American West Program Explores Epic Confrontation Between Texan Revolutionary Forces and the Mexican Army

The 21st American West Program at Colorado State University continues its summer of events with an exploration of events surrounding the Alamo from the Mexican point of view. The discussion begins at 7:30 p.m. June 30 in Room C146 Plant Science Building on campus.

Daniel Martinez, historian for the National Park Service, will use diaries and reports of the principal Hispanic players involved to provide a different look at the battle of the Alamo. Supported by slides and contemporary observations and scholarship, Martinez will present a historic reappraisal and new perspectives for participants to consider.

Martinez, winner of the National Park Service’s Special Achievement Award in 1986, 1988 and 1995, taught history at Bishop Montgomery High School in Torrance, Calif. He also worked as a seasonal park ranger at Custer Battlefield in Montana from 1979-85 and as a seasonal and permanent park ranger at the USS Arizona Memorial in Honolulu.

Martinez joins a series of speakers visiting campus this summer to explore Western expansion under the program’s theme, "Manifest Destiny and the West to 1850." Other highlights of the American West Program include a discussion on the conquest of New Mexico and the invasion of Chihuahua, Mexico, and a presentation on the relocation of Native American Indians.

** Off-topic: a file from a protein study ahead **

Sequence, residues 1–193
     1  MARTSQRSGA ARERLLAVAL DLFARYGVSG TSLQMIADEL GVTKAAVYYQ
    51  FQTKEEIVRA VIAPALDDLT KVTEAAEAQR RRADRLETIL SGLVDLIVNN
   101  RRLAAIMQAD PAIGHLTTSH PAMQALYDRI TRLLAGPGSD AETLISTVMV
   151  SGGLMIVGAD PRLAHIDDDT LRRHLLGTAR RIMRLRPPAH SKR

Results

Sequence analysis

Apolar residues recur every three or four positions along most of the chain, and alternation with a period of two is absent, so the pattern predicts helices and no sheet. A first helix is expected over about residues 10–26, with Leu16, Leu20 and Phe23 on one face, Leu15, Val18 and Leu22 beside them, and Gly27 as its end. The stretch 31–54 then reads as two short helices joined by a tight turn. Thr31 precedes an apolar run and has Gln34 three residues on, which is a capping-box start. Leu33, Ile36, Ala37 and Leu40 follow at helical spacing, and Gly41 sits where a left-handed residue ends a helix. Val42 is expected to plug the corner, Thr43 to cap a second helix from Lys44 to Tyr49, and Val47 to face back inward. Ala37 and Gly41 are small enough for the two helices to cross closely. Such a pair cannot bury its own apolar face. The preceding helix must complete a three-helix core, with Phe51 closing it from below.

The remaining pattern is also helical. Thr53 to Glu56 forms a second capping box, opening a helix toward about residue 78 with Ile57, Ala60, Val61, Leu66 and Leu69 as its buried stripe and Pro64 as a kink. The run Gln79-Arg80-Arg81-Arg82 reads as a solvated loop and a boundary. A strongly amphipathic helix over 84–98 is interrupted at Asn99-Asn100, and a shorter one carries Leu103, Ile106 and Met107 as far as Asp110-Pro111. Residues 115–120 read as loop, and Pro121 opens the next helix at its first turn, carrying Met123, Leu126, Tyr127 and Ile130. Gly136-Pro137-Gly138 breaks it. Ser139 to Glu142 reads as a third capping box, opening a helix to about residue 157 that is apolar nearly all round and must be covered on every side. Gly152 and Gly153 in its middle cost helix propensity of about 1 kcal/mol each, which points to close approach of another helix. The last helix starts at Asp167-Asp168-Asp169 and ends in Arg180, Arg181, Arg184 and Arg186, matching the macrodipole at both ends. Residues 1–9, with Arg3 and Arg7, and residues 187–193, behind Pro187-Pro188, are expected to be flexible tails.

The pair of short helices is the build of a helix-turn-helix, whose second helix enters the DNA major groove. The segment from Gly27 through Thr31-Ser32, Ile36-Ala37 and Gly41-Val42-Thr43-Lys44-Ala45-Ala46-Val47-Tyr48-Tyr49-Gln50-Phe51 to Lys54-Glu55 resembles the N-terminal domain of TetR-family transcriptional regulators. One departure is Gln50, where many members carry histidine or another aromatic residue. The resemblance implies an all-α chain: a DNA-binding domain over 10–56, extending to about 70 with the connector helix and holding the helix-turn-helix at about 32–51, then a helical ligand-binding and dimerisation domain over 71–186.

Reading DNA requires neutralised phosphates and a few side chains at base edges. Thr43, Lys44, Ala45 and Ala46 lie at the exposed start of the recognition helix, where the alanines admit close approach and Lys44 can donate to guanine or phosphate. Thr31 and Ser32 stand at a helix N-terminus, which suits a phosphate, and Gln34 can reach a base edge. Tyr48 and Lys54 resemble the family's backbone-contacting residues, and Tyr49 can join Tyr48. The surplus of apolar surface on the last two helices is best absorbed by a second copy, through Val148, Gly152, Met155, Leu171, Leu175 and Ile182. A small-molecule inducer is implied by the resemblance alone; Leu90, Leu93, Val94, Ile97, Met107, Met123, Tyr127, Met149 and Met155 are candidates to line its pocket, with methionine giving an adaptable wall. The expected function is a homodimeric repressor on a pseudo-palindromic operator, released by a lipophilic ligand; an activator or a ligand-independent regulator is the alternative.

All programs begin at 7:30 p.m. and are free and open to the public. Programs will take place in Room C146 Plant Science Building.

In conjunction with the American West Program, the summer exhibit of the Curfman Gallery in the Lory Student Center will feature the artwork of William Henry Jackson.

A complete schedule of events follows.

* June 30 – "The Alamo: The Mexican View," Daniel Martinez, historian for the National Park Service.

* July 7 – "Conquest of New Mexico and the Invasion of Chihuahua, Mexico: A Forgotten Episode of the U.S.-Mexican War," Neil Mangum, superintendent of Little Bighorn Battlefield National Monument in Montana.

* July 14 – "Manifest Destiny and Indian Removals," Valerie Mathes, professor in the department of social science at City College of San Francisco.

* July 21 – "Los Capitalistas: New Mexican Merchants and the Santa Fe Trade," Susan Calafate Boyle, independent historian from Fort Collins.

* July 28 – "The Western Hero and Manifest Destiny – Boone, Crockett and Carson," Paul Hutton, history professor at the University of New Mexico.

For more information on the American West Program, call Harry Rosenberg in the history department at 491-5230.